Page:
Sun Unleashes Most Powerful Solar Flare in Years
This image of the active sunspot group 1121 on the sun shows the solar hotspot as a bright white region in the lower left as seen by the sun-watching SOHO space observatory on Nov. 5, 2010.

A major solar flare erupted from the sun Saturday — one of the most powerful in years — sending an energetic blast of X-rays from a hotspot of activity that may still belch more solar storms in the days to come.

The X-ray blast occurred Nov. 6 at about 11:36 EDT (1536 GMT) from an active group of sunspots called 1121. It was the third major flare from the solar hotspot and registered a Class M 5.4 on the scale for sun storms, according to the Space Weather Prediction Center operated by NOAA. [Photo of Sunspot Group 1121]

"Astronomers who study the sun have five categories of flares: A, B, C, M and X," explained's skywatching columnist Joe Rao. "The M and X flares are the most potent types and the one that erupted [Saturday] was an M 5.4 which is just about the most powerful flare we've seen in many years."

At the time of the flare, sunspot group 1121 was on the limb, or the edge, of the sun's disk, so any cloud of electrified particles ejected by the flare would not reach Earth, Rao said.

"But as the sun rotates, this active region of the sun will be turned more and more toward the center of its disk … it will be there around Nov. 12 to 13," Rao said. "If a similar M-class flare erupts around that time, we could be in line to see a very nice display of northern lights a day or two later when the cloud of electrified solar particles reaches Earth."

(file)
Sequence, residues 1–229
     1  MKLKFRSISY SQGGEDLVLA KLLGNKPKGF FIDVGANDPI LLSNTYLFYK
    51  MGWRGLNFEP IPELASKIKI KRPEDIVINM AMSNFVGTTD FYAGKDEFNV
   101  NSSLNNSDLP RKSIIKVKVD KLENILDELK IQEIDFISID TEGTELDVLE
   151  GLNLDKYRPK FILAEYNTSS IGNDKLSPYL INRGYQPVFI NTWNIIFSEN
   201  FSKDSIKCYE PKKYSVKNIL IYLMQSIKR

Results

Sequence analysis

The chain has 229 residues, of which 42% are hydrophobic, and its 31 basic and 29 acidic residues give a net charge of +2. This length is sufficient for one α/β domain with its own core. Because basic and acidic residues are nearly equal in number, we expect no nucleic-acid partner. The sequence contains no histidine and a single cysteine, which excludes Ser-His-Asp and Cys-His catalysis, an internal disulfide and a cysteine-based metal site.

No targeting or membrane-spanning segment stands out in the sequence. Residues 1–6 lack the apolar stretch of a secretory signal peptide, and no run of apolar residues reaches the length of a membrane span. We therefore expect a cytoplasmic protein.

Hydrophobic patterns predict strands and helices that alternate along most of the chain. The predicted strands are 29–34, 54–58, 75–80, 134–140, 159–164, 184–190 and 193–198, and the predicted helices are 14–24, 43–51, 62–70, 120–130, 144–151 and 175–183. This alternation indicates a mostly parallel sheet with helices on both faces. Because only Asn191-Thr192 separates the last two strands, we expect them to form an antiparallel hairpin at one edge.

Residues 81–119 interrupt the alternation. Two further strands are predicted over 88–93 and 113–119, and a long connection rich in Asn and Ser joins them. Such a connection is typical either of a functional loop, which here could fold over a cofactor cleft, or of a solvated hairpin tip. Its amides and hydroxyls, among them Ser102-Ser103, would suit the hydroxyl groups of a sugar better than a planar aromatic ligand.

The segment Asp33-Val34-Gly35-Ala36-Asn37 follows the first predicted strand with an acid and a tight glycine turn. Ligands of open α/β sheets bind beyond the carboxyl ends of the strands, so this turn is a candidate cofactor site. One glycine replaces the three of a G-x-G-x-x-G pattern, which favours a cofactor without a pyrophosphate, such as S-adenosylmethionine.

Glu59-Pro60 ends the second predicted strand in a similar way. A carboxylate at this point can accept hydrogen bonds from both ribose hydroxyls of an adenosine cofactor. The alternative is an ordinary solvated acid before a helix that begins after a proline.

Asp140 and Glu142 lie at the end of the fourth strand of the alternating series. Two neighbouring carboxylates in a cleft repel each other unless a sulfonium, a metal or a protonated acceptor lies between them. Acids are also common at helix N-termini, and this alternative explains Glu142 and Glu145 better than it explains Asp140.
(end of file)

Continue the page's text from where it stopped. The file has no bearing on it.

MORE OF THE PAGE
According to the website, which monitors space weather and sky events, the radiation from the solar flare "created a wave of ionization in Earth's upper atmosphere that altered the propagation of low-frequency radio waves."

Severe solar flare events can cripple satellites and pose a risk to astronauts in orbit, and also have the potential to knock out power grids on Earth. NASA recently began a project, called the Solar Shield, to provide early-warning alerts to electricity providers to help limit damage to power utility infrastructure as a result of extremely powerful solar storms.

The sun is currently entering an active period of its 11-year solar weather cycle after a lull in activity.